Ladies and gentlemen,
The nursing profession is acutely aware of what these trends mean for health care, the costs, and the added demands on the daily practice of your work. The level of awareness is readily apparent in the agenda for this event.
The nursing profession, that so-called “sleeping giant”, is actually wide awake and ready to race ahead in clearly defined strategic directions. You are waiting for the starting gun.
Even more so, you are waiting for someone to let up on the reins that hold you back, the constraints that keep you from performing with the full set of competencies for which you were educated, trained, and licensed.
Some constraints have historical roots, often in legislation. As far back as 1986, experts convened by WHO concluded that nat恋夏38℃ional and subnational regulations often prevent nurses from exercising their full knowledge and skills.
The report set out a strategy for strengthening the contribution of nurses to primary health care based on a reorientation of legislation.
The impact of that strategy has been disappoint寿竹根的成效与作用ing. Much more recently the US Institute of Medicine’s 2010 report on “The future of nursing: leading change, advancing health” reached much the same conclusion.
Again, that report argued that nurses should be able to practice to the full extent of their education and training.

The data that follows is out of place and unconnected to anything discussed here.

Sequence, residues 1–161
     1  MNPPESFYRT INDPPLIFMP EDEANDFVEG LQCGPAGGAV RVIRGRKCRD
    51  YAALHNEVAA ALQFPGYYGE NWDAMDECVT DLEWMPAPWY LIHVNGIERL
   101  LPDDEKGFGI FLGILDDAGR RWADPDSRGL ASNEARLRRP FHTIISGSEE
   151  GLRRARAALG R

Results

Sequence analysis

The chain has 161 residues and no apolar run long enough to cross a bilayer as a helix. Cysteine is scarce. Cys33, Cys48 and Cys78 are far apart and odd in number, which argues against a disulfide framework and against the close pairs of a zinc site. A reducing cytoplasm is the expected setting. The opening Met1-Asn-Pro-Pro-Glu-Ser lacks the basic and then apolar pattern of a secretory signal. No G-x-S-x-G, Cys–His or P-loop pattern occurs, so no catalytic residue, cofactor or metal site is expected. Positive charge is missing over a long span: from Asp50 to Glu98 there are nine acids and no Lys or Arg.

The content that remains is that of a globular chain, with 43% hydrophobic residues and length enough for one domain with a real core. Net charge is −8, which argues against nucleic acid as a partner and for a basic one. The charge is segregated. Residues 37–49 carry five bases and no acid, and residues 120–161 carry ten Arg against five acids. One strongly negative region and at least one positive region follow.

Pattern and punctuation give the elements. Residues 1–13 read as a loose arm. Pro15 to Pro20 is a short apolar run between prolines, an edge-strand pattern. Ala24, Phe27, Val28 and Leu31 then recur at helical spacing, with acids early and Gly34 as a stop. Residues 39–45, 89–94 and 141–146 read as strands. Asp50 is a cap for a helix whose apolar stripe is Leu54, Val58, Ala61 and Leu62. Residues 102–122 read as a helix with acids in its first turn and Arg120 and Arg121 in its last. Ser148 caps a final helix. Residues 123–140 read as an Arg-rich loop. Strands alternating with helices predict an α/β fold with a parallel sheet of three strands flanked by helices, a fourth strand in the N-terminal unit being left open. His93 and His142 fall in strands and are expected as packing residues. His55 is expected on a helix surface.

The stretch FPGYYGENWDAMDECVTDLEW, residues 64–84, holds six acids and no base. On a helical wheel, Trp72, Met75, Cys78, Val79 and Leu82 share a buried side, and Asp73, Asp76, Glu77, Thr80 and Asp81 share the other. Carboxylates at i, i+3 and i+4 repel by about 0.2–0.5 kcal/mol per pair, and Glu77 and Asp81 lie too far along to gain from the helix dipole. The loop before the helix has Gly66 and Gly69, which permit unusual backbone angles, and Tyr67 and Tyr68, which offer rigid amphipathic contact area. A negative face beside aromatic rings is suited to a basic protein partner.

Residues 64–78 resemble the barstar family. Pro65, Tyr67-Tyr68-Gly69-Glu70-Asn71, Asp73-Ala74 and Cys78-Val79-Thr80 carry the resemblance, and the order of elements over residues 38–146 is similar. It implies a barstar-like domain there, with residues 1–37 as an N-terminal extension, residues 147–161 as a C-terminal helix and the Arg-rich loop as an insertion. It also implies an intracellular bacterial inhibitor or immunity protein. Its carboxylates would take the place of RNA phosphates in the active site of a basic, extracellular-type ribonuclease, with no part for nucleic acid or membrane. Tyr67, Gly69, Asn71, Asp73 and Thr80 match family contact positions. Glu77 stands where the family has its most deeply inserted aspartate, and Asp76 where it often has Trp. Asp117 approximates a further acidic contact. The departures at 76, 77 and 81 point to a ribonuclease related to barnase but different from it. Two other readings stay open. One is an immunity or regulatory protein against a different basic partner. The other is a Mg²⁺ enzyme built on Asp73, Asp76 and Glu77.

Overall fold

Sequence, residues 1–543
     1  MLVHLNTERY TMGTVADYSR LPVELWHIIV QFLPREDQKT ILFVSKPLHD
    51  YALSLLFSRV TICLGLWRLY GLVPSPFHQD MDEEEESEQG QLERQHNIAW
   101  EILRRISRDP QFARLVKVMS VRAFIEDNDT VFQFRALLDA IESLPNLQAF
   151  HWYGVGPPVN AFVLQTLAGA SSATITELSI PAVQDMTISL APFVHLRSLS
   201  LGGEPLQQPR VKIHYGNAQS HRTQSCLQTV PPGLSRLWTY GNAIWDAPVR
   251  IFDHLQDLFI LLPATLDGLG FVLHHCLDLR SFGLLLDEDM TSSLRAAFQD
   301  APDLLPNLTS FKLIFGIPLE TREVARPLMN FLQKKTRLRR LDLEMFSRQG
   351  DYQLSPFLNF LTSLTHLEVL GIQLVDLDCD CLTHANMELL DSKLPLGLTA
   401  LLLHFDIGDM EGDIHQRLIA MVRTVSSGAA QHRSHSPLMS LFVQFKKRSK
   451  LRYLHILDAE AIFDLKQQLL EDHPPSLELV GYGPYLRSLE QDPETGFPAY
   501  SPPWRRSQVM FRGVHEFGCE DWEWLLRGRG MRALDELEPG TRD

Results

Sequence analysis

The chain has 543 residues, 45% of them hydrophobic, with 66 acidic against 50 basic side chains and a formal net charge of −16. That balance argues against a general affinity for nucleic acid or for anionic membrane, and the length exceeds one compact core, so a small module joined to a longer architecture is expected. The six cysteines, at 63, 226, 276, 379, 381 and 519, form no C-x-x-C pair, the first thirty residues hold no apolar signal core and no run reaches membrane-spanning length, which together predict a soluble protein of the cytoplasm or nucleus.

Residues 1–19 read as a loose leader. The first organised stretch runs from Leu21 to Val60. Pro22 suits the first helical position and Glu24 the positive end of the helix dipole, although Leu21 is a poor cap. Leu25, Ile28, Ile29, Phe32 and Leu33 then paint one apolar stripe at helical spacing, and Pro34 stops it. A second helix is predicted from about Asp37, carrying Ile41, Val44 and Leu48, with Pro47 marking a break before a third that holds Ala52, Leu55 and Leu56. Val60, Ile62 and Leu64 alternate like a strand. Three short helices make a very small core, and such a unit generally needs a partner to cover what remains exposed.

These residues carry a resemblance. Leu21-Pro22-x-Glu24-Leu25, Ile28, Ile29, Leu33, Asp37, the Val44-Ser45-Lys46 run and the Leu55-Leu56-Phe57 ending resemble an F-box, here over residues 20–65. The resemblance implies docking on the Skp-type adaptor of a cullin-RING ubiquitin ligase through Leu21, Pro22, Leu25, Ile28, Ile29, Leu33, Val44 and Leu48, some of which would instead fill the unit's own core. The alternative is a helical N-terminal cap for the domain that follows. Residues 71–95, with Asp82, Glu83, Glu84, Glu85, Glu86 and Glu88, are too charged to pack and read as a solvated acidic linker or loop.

The conclusion is similar to the one made 24 years ago: regulatory and institutional obstacles, including limits on nurses’ scope of practice, should be removed so that health systems can reap the full benefit of their training, skills, and knowledge.
Other constraints are attitudinal, often entrenched in the views and policies of national medical associations. As bluntly stated by the IOM report, physicians are unwilling to embrace policy that expands the supply and roles of nurses.
My own view is this. Given the enormous complexity of health challenges faced as the world transitions to the post-2015 era, no one, including WHO, dares to ignore the full contribution that the nursing profession can make.
If for no other reason, we cannot afford to ignore you.
A recent study conducted in the US found that the majority of cli依帕内玛少年nicians have no idea about the costs of the interventions they order or the procedures they perform. In contrast, nurses are trained to work in a context of cost constraints, especially when their job involves procurement of medicines and hospital supplies.
Nurses need to have a much more active role in the policy process, especially in decisions that influence the financing of health services.
For NCDs, we cannot afford to miss opportunities for prevention, for early diagnosis, for counselling aimed at behavioural change, or for community-based approaches that improve health literacy.